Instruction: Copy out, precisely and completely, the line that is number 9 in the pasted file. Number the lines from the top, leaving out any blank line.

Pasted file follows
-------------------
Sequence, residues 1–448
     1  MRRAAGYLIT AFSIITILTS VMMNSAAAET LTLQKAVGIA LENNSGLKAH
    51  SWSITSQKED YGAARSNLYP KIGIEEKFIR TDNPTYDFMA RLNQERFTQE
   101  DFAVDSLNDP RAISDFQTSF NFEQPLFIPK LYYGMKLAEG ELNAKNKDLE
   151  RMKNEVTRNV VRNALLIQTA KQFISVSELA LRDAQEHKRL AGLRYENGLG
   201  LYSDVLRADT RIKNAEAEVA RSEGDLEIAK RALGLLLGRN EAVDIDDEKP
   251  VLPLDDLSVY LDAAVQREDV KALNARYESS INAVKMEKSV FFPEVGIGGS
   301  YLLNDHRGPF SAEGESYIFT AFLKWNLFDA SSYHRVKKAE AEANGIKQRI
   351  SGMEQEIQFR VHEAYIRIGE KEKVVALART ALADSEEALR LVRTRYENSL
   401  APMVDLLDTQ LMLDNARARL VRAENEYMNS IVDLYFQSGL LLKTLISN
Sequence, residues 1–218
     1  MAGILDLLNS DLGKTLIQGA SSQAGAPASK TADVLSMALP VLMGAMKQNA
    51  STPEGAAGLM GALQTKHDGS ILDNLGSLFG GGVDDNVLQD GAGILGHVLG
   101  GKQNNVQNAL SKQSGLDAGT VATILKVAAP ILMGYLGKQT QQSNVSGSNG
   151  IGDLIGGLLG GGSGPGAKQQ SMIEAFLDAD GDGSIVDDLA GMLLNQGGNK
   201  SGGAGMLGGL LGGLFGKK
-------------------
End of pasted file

   351  SGMEQEIQFR VHEAYIRIGE KEKVVALART ALADSEEALR LVRTRYENSL